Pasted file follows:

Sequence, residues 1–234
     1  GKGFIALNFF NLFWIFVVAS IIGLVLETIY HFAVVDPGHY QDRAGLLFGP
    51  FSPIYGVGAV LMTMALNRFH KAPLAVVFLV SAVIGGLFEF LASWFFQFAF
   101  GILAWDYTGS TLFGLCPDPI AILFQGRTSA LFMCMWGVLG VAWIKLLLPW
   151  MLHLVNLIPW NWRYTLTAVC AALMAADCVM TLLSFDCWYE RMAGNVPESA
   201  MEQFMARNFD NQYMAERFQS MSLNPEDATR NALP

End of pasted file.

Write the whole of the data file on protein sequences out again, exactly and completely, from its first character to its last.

Sequence, residues 1–234
     1  GKGFIALNFF NLFWIFVVAS IIGLVLETIY HFAVVDPGHY QDRAGLLFGP
    51  FSPIYGVGAV LMTMALNRFH KAPLAVVFLV SAVIGGLFEF LASWFFQFAF
   101  GILAWDYTGS TLFGLCPDPI AILFQGRTSA LFMCMWGVLG VAWIKLLLPW
   151  MLHLVNLIPW NWRYTLTAVC AALMAADCVM TLLSFDCWYE RMAGNVPESA
   201  MEQFMARNFD NQYMAERFQS MSLNPEDATR NALP